NASA completes 8-minute static fire test of Space Launch System rocket

The US space agency NASA has conducted a second static fire test with the core booster of the Space Launch System rocket. It concerned a successful ignition of the four rocket motors of the lower rocket stage, for a duration of more than eight minutes.

NASA says the hot fire test was successful and the four RS-25 engines were ignited for 8 minutes 19 seconds. That’s about the same ignition time as what happens during a launch to the moon. Several things were tested during ignition, including moving the four engines in specific patterns to target thrust, firing the engines at 109 percent, and scaling back and upping thrust. These are elements that are also involved in a real launch.

The test was conducted at NASA’s Stennis Space Center near Bay St. Louis, Mississippi. According to the space agency, this is a crucial test for the Artemis I mission with which an unmanned Orion spacecraft will make a test flight around the moon after launch, before returning to Earth. NASA plans to put another human on the moon by 2024.

Render of what the SLS will look like.

In January there was also a static fire test, in which the engines were ignited for 67 seconds. That test ended earlier than planned, so a second test ignition was deemed necessary. The data obtained from the January test has been used for a number of implemented changes. In total, NASA has ten different design verification objectives to certify the design and the test ignitions play an important role in collecting sufficient data for this. The current test ignition was the final step in a series of eight tests assessing the lower rocket stage. As part of this so-called Green Run test series, for example, the hydraulic systems and the drive systems were tested.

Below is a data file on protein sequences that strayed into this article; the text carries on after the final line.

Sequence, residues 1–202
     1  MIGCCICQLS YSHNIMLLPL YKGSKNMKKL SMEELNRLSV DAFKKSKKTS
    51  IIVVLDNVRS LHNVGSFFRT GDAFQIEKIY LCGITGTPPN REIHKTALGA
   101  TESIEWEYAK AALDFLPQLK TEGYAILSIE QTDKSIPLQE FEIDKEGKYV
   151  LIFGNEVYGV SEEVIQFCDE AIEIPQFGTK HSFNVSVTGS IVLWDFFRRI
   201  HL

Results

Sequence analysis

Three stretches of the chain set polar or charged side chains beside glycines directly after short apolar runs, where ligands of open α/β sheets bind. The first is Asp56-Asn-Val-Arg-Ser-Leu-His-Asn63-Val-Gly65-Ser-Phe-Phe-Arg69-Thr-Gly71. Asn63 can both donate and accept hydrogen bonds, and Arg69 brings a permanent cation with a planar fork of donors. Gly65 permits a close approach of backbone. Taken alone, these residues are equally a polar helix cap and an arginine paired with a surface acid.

The Space Lauch System rocket is being built by Boeing, with Aerojet Rocketdyne being responsible for the RS-25 engines. These are modified variants of the engines that were also used for the Space Shuttle. The SLS will eventually also get two solid fuel engines on either side. It will be a very large and powerful rocket that can eventually be used for missions to Mars.

The development of the rocket has been criticized for years and in particular the enormous cost. Recently it became clear that NASA is conducting an internal investigation to keep costs down. More than $20 billion has already been spent and each launch is expected to cost more than $2 billion. That criticism will likely only intensify if SpaceX manages to eventually realize its fully reusable Starship rocket. This will not only get more thrust, but also be much cheaper to use.